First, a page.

HOUSTON -- It was a swing that was more than eight years in the making. And it felt so good to Jon Singleton that he decided to do it again only 26 minutes later.
Singleton, the former Astros’ No. 1 prospect whose promising career was derailed because of a battle with drug addiction, found his way back to Minute Maid Park on Friday and had the game of his life. Singleton walloped a pair of long home runs, driving in a career-high five runs, to lead the Astros to an 11-3 win over the Angels.
“It’s a great feeling,” Singleton said. “It’s a place that kind of feels like home.”
Singleton’s three-run homer in the second inning off Angels starter Reid Detmers was his first in the Major Leagues since July 29, 2015 with the Astros. He went eight years and 13 days between long balls, which is the longest gap by any player since pitcher Jake Peavy went nine years, 52 days between homers from 2006-15, and the longest by a position player since Rafael Belliard had a 10-year, 144-day gap from 1987-97, according to Elias Sports Bureau.
What’s more, Singleton is the first player in history to have a multi-homer game for his first MLB homers in eight-plus years, per OptaSTATS.
“That was a great night,” Astros manager Dusty Baker said. “That’s a long time between big league homers. The guys were happy for him and wanted him to get another one, but we’ll take whatever we can get.”
Singleton went 3-for-4 with a single and a walk on a night the Astros reached double-digit runs without the top four hitters in their order scoring a run. But this night was about Singleton, the big man who returned to the big leagues earlier this year with Milwaukee and was released after going 3-for-29 in 11 games. He signed a Minor League deal with the Astros and appeared in 33 games at Triple-A, hitting 12 homers, before they brought him back up Tuesday.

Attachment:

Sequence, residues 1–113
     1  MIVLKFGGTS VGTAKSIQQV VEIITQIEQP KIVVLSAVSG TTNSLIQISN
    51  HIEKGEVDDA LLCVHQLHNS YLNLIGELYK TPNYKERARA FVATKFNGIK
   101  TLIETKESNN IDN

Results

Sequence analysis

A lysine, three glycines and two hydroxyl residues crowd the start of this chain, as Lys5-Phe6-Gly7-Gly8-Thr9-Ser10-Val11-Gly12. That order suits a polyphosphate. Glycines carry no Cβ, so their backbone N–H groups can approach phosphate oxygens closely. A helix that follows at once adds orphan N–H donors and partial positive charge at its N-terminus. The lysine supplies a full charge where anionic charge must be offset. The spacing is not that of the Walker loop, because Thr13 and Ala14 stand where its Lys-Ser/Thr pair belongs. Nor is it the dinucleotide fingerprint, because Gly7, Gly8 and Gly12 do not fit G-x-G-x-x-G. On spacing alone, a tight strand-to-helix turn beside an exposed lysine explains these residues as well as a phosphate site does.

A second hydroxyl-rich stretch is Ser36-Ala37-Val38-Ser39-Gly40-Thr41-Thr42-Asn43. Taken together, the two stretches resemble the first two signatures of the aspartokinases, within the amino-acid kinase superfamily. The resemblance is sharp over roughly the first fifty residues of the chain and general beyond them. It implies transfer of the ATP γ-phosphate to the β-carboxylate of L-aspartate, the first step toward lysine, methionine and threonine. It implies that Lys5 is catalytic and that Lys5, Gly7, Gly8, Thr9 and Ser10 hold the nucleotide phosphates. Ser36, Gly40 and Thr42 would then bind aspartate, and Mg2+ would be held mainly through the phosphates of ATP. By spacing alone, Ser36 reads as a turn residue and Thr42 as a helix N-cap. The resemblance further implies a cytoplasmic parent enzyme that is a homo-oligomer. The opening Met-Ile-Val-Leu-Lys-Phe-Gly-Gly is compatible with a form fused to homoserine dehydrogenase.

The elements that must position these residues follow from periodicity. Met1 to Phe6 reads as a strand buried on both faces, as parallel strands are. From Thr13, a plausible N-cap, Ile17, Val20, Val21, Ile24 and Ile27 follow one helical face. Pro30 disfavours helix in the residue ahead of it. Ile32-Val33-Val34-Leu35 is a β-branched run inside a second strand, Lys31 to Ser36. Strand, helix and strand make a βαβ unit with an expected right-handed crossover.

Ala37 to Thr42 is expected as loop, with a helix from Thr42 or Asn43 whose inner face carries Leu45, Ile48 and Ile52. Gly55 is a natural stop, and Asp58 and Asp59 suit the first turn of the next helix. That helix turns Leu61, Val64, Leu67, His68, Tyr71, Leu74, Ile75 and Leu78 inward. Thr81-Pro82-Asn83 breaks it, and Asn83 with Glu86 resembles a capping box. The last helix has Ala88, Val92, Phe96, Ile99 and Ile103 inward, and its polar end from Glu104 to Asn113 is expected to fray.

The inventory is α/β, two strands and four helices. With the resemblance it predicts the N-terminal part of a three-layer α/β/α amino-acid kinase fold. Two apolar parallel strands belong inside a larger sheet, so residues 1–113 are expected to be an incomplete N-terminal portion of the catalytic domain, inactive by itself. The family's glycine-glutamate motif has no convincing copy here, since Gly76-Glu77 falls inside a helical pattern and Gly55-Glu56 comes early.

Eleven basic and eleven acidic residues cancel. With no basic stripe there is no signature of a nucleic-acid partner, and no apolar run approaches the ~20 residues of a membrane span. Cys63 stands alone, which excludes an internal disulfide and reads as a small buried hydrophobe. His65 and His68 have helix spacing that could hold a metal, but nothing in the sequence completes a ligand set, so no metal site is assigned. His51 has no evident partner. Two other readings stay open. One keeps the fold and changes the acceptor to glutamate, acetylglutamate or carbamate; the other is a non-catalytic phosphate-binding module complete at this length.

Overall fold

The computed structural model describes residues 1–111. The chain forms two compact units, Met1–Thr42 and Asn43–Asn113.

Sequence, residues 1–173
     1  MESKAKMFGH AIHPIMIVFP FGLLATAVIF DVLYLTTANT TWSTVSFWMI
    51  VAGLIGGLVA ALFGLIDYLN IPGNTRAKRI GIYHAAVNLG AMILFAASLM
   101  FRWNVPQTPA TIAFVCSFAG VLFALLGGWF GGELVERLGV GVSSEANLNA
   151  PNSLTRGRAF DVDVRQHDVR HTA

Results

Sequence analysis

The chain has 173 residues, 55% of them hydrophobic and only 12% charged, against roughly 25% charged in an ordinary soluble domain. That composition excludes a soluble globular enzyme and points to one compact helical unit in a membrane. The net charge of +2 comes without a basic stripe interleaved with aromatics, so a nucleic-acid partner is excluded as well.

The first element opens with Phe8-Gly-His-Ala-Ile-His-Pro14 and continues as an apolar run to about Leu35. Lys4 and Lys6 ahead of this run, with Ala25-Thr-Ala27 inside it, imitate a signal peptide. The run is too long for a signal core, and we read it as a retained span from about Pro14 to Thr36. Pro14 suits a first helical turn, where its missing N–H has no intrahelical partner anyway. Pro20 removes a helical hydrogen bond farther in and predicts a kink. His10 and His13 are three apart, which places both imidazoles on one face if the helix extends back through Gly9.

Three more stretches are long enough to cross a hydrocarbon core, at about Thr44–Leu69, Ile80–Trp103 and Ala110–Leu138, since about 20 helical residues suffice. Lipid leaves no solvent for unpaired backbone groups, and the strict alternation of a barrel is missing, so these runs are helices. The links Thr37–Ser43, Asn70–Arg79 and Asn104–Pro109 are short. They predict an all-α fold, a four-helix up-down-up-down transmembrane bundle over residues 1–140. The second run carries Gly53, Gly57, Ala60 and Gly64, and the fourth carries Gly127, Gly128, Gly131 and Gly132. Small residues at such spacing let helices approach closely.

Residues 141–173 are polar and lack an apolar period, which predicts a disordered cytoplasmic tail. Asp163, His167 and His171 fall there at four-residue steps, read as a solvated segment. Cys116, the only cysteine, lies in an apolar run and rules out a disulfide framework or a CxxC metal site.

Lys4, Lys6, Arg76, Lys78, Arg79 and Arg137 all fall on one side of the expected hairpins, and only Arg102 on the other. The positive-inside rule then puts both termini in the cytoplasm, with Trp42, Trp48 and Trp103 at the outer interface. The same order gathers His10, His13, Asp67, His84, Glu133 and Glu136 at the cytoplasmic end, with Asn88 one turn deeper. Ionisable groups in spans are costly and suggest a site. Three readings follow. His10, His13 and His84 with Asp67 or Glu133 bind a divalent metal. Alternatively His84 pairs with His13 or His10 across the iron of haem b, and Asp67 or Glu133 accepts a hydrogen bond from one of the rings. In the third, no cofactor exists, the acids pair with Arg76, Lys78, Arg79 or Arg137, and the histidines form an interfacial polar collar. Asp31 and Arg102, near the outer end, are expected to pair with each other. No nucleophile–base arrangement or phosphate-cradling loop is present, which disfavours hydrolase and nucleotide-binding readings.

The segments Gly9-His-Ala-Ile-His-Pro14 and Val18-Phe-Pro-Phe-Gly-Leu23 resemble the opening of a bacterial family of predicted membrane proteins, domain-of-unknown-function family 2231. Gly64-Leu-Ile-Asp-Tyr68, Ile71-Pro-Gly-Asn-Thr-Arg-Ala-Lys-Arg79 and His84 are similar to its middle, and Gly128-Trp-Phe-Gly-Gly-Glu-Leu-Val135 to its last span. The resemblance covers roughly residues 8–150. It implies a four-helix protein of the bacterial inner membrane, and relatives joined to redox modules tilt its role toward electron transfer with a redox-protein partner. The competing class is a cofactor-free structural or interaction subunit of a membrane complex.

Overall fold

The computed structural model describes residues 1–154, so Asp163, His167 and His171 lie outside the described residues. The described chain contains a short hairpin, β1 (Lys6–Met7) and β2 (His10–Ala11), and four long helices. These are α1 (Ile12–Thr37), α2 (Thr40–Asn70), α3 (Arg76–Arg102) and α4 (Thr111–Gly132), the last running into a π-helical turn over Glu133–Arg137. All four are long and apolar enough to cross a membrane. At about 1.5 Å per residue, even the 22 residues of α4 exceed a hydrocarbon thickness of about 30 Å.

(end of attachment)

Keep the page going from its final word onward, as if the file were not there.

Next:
“I’m really happy for him today,” Astros starting pitcher Justin Verlander said. “Obviously, it’s been a long road and finding himself back in the big leagues and having a game like today, really special.”
Singleton was signed to a five-year, $10-million contract just before the Astros called him up to the big leagues on June 3, 2014. He struggled on the field and was slapped with multiple suspensions for marijuana use until, in 2018, following a third failed test, Houston released him. Singleton was out of organized baseball before he opened a gym in 2020 and got in shape.
Singleton had a promising stint in the Mexican League in 2021, signed a Minor League contract with the Brewers in ‘22 and endured a rollercoaster start to ‘23 that saw him on Milwaukee’s 40-man roster, then released when the club needed to free a spot, then re-signed to continue a quest to get back to the big leagues.
“It’s a great story, the fact that it happened here and he helped us win a ballgame,” Baker said.
In the second inning, Singleton crushed a 2-0 fastball and sailed it 390 feet down the right-field line to put Houston ahead, 3-1. It was his first home since he took Garrett Richards of the Angels deep in a 6-3 win in Houston in 2015. He crushed a Detmers slider in the third inning and hit an almost identical homer that traveled 389 feet. The two-run shot made it 7-2.
“That’s where I wanted to go,” Detmers said. “That’s what the scouting report said -- to go in on him. Obviously, the slider backed up a little bit. But he just got the best of me.”
When asked if he knew both homers were gone, Singleton smiled and said: “Yeah…without a doubt.”
Verlander, traded to the Astros from the Mets at the Trade Deadline, made his second start with Houston and first at home since last year’s World Series. He held the Angels to three runs and six hits and struck out seven batters in six innings for his 251st career win, tying him with Bob Gibson and CC Sabathia for 45th on the all-time list.
“The routine of things felt very familiar,” he said. “Walking out for the first time and the fan’s reaction, was really cool. I kind of put my headphones on and zone out and do my thing before I walked out on the field. Walking out here and hearing the fans’ ovation was pretty special.”
The ovations were just getting started.